Our privacy is important. In this digital age, the value of protecting our sensitive personal data from outside sources has become paramount. With online companies and insurance providers alike eager to leverage this information for various purposes, the issue of privacy remains a prevalent one for people concerned about data being too accessible. Furthermore, our data can now be bought and sold, which begs the question: if we could put a price on our data, what would it be, and is some information more important than others?
To find out, we surveyed over 3,200 Americans across 44 states to gain insight into the value of privacy and different personal information. We asked participants how much they would sell their home address, phone number, browsing history, medical records, and more. This data was analyzed to determine which information is most important and how much it is worth by state.
It’s safe to say most Americans don’t trust companies with their personal information, with over two-thirds of participants claiming this to be true. Trust issues run deep as 9 in 10 Americans believe companies are selling their personal information even when these companies claim not to. Some people go so far as to create fake phone numbers or emails (often to get special discounts and offers), with 57% of respondents indicating they would do so.
Gender and age certainly play a role in how people value their privacy. For instance, our survey indicated that men would charge their significant other more than five times the rate women would to see their browsing history.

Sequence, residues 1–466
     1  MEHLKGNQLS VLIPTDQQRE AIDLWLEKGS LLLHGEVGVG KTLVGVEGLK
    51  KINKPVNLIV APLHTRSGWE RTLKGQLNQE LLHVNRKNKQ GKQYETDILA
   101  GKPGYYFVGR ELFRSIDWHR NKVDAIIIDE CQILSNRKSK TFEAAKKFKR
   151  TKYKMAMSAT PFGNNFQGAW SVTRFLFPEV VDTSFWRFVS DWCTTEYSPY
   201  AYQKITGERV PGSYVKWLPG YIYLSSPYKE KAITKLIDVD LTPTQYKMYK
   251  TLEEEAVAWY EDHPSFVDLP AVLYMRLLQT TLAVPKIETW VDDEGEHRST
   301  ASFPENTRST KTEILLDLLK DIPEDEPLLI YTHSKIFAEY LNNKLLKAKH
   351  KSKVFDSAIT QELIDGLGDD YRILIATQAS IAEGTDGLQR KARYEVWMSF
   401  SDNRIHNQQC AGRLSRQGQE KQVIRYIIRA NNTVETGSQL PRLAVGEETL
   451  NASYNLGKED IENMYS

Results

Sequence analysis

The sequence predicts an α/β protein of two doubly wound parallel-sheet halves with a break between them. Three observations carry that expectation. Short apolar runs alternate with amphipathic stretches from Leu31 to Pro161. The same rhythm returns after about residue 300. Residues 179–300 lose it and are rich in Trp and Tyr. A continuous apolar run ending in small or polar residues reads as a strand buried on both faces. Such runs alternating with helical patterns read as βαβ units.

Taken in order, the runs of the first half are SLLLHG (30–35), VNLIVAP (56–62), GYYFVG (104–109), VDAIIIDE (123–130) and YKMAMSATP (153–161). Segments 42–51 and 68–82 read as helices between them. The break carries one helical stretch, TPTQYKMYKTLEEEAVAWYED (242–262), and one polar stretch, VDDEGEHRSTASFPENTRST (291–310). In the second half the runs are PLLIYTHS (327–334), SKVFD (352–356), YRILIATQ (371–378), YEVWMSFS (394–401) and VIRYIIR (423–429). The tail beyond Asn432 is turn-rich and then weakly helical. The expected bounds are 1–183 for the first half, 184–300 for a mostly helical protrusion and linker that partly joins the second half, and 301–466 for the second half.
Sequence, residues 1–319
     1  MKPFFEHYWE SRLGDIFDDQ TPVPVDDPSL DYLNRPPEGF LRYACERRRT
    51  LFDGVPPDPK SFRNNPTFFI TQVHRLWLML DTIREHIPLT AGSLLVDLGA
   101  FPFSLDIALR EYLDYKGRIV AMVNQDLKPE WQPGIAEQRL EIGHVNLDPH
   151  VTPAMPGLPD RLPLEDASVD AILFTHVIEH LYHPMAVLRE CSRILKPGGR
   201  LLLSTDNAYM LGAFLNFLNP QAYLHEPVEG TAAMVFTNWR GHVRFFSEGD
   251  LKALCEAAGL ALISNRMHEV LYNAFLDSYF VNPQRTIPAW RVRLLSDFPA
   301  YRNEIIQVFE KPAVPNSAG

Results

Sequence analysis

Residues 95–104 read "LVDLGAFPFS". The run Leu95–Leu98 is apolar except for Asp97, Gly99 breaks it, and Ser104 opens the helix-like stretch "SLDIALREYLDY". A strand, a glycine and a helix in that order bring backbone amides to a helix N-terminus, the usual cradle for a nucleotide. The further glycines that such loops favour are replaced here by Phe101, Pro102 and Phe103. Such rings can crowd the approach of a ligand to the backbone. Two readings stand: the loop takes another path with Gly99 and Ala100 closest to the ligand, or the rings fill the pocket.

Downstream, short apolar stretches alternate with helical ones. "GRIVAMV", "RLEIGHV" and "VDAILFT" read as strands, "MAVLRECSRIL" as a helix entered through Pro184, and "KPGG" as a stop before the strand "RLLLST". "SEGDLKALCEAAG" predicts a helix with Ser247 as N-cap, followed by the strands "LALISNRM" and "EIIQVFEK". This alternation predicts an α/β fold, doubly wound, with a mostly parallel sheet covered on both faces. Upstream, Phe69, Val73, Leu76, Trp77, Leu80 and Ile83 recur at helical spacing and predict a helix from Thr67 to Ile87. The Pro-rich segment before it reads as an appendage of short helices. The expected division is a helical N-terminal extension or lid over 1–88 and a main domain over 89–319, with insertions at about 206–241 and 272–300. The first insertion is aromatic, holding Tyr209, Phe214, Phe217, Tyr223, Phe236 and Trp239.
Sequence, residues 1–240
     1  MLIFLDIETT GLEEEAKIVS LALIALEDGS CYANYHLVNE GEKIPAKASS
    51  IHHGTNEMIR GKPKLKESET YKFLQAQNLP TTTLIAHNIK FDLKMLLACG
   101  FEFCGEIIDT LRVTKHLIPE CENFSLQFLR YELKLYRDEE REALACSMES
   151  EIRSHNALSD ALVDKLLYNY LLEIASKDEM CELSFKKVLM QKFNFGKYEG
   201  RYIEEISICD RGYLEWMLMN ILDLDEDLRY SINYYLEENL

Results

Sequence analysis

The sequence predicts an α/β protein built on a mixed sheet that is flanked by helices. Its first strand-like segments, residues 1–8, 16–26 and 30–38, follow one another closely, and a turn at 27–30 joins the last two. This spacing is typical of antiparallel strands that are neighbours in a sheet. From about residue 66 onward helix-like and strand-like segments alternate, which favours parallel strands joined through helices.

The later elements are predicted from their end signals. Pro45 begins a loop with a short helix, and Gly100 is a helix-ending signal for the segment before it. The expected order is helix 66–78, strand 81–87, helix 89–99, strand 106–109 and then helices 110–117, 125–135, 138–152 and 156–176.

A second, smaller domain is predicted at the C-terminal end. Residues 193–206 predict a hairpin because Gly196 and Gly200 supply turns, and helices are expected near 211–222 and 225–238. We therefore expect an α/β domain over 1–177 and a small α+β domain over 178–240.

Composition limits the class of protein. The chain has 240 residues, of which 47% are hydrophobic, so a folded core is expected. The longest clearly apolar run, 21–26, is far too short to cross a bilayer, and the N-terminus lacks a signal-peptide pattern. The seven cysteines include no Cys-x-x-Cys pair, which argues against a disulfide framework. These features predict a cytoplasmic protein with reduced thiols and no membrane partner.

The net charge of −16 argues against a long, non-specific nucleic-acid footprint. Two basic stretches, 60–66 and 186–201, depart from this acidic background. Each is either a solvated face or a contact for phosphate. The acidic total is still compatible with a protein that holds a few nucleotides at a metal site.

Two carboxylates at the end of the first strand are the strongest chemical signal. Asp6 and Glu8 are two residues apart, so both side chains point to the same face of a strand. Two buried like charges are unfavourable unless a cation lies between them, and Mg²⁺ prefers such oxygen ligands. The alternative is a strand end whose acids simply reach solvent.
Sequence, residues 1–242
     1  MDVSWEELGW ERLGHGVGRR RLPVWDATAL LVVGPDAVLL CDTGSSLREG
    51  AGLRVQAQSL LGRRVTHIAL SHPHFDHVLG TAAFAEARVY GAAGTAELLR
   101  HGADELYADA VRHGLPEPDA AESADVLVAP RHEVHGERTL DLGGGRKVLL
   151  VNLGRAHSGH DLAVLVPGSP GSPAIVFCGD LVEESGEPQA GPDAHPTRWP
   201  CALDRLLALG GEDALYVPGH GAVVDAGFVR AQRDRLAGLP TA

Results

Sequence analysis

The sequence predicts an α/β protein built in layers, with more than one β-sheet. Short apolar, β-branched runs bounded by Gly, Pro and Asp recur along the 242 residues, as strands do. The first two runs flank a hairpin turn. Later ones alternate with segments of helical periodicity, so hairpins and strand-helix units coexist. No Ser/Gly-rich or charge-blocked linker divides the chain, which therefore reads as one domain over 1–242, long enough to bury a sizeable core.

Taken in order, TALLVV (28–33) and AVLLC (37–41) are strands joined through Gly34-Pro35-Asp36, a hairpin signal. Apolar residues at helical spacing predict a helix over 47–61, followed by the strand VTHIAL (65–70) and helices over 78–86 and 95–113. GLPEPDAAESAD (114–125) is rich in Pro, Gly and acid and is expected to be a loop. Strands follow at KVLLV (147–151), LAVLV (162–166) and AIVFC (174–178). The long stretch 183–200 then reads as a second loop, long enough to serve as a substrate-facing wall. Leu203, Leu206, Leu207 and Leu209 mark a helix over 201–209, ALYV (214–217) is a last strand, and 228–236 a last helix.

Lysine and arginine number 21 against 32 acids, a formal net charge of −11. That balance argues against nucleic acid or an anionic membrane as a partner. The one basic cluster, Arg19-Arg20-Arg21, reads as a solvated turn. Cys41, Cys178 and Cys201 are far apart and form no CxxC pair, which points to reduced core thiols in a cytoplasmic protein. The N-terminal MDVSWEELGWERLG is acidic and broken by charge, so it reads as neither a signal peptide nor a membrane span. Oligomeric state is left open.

When it comes to location sharing, Americans share their location with nine people on average, and men share with twice as many contacts as women. Females are also twice as likely to give out a fake number to someone pursuing them than men. As for age, data protection measures are split among age groups, with younger generations less likely to have different passwords for personal logins.
Personal Data Privacy According to Every State
The Personal Information Residents Would Never Sell & Most Willing to Sell
When evaluating the hierarchy of private information, family status (i.e., the status of being in a parent and child relationship) made it to the top and proved to be the most private information among 23 states. Medical records were close behind, with 17 states indicating this was the most valued piece of information. Surprisingly, residents in Colorado and Iowa deviated from this trend and claimed Google Search History was their most valuable personal information. Kansas and California were also outliers. Kansas residents claimed phone numbers as their number one piece of personal information they would never sell, while California residents had home addresses as their number one.
Home addresses, phone numbers, medical records, and family status were the personal information residents were least likely to sell. However, nationally, email addresses (59%), shopping histories (50%), and birthdates (37%) are information Americans were most willing to sell to businesses.
The Price Each State Would Put on Their Personal Information